Use of atypical antipsychotics in nursing homes and pharmaceutical marketing
AuthorsPimentel, Camilla B.
Donovan, Jennifer L.
Field, Terry S.
Gurwitz, Jerry H.
Harrold, Leslie R.
Kanaan, Abir O.
Lemay, Celeste A.
Mazor, Kathleen M.
Briesacher, Becky A.
UMass Chan AffiliationsDepartment of Quantitative Health Sciences
Meyers Primary Care Institute
Graduate School of Biomedical Sciences, Clinical and Population Health Research Program
Document TypeJournal Article
Health Services Research
Pharmacy and Pharmaceutical Sciences
Psychiatric and Mental Health
MetadataShow full item record
AbstractOBJECTIVES: To describe the current extent and type of pharmaceutical marketing in nursing homes (NHs) in one state and to provide preliminary evidence for the potential influence of pharmaceutical marketing on the use of atypical antipsychotics in NHs. DESIGN: Nested mixed-methods, cross-sectional study of NHs in a cluster randomized trial. SETTING: Forty-one NHs in Connecticut. PARTICIPANTS: NH administrators, directors of nursing, and medical directors (n = 93, response rate 75.6%). MEASUREMENTS: Quantitative data, including prescription drug dispensing data (September 2009-August 2010) linked with Nursing Home Compare data (April 2011), were used to determine facility-level prevalence of atypical antipsychotic use, facility-level characteristics, NH staffing, and NH quality. Qualitative data, including semistructured interviews and surveys of NH leaders conducted in the first quarter of 2011, were used to determine encounters with pharmaceutical marketing. RESULTS: Leadership at 46.3% of NHs (n = 19) reported pharmaceutical marketing encounters, consisting of educational training, written and Internet-based materials, and sponsored training. No association was detected between level of atypical antipsychotic prescribing and reports of any pharmaceutical marketing by at least one NH leader. CONCLUSION: NH leaders frequently encounter pharmaceutical marketing through a variety of ways, although the impact on atypical antipsychotic prescribing is unclear. Geriatrics Society.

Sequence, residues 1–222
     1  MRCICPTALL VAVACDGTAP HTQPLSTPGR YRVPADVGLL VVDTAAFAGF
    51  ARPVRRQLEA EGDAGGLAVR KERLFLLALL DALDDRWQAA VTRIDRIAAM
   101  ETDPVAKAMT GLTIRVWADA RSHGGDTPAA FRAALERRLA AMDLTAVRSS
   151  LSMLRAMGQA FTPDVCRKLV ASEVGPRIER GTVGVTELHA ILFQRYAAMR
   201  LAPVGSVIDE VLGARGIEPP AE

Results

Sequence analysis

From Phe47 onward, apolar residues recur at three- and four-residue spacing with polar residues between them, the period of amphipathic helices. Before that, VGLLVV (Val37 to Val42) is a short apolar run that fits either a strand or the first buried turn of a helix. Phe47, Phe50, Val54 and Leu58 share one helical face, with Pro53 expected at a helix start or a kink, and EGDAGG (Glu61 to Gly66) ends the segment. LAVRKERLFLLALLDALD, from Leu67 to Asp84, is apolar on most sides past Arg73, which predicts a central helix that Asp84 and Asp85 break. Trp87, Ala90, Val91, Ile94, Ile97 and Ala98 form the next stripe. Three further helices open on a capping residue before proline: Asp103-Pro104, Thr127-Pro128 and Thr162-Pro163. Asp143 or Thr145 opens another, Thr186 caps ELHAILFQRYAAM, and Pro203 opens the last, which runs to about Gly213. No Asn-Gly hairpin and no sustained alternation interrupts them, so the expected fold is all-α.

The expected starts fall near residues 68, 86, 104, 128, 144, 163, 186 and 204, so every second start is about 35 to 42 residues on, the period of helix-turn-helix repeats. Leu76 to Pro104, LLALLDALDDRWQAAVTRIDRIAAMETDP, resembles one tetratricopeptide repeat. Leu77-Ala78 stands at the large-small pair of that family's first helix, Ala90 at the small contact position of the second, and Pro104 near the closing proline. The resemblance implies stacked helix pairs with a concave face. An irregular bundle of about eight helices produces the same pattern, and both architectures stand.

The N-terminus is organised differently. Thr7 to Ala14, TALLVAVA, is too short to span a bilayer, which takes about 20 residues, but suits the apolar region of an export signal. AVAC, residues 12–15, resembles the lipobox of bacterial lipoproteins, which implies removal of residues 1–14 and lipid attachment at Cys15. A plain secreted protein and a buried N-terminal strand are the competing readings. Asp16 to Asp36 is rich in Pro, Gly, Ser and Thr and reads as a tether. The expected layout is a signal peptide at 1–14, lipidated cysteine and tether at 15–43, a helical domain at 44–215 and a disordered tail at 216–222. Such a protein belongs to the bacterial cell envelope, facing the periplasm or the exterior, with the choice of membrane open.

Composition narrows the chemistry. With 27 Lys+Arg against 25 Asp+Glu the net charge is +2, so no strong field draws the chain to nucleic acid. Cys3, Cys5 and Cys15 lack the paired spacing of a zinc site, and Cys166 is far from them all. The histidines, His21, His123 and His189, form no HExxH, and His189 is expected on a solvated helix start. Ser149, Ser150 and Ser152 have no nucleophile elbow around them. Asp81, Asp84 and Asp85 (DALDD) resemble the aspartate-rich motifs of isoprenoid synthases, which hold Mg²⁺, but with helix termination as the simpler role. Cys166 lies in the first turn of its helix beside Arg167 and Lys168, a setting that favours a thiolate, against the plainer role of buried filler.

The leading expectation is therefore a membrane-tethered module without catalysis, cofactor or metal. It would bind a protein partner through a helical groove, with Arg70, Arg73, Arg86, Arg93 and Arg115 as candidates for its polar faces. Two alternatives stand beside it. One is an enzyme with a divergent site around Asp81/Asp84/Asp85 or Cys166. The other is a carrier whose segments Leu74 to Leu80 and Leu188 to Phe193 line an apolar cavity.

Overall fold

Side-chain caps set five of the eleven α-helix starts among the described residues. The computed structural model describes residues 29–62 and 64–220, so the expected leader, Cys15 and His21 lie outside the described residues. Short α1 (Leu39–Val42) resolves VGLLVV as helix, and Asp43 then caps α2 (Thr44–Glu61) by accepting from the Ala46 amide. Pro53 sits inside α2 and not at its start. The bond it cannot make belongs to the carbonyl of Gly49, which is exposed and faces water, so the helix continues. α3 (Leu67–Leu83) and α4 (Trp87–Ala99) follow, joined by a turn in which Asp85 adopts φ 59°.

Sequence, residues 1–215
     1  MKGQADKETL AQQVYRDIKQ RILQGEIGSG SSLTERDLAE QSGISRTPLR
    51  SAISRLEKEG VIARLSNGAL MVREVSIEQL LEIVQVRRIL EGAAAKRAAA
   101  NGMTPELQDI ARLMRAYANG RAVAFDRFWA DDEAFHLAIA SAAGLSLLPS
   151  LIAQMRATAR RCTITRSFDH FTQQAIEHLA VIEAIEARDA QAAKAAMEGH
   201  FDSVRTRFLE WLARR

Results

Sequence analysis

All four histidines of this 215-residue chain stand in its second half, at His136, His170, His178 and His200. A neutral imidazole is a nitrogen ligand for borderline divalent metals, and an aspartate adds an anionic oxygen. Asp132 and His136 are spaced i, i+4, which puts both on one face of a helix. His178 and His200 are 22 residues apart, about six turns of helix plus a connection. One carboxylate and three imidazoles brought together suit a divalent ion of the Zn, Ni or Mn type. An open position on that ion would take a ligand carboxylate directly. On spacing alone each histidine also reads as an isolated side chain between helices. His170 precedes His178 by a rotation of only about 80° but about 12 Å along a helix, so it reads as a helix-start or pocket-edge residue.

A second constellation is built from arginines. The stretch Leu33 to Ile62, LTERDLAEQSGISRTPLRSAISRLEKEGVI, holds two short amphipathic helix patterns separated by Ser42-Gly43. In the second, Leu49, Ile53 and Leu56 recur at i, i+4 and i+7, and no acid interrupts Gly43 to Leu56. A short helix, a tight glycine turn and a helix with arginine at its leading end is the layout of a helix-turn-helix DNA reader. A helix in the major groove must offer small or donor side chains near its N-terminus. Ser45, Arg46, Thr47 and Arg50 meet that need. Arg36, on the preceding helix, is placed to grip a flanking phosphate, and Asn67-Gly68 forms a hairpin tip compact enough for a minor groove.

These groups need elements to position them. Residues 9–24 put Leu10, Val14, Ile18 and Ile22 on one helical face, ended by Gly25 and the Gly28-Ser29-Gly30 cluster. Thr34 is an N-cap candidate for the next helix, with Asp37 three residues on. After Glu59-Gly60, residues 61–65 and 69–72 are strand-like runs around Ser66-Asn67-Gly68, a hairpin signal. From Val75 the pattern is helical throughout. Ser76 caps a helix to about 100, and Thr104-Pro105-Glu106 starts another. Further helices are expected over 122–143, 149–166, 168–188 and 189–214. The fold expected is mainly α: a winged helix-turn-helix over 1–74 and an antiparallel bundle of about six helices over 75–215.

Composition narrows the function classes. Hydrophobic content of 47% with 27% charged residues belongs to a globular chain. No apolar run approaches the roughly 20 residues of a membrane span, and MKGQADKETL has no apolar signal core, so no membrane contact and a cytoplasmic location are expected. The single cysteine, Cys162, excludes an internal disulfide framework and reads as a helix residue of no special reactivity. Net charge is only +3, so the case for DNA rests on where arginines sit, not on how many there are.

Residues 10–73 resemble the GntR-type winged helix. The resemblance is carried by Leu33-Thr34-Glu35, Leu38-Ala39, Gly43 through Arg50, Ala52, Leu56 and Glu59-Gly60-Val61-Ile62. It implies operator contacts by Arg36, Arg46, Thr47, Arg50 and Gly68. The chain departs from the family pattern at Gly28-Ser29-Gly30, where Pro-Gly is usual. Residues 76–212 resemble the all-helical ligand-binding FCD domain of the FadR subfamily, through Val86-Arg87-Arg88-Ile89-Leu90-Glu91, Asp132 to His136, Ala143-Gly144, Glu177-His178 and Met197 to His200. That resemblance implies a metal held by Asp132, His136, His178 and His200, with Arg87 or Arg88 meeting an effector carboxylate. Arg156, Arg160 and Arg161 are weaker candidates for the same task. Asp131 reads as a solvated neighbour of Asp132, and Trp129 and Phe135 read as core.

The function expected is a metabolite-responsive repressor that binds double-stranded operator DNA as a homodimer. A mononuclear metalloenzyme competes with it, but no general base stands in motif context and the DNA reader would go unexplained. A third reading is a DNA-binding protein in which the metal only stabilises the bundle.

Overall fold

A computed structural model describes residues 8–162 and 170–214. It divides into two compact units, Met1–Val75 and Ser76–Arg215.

SourceJ Am Geriatr Soc. 2015 Feb;63(2):297-301. doi: 10.1111/jgs.13180. Link to article on publisher's site
Permanent Link to this Itemhttp://hdl.handle.net/20.500.14038/37301
First author Camilla B. Pimentel is a doctoral student in the Clinical and Population Health Research Program in the Graduate School of Biomedical Sciences (GSBS) at UMass Medical School.
Related ResourcesLink to Article in PubMed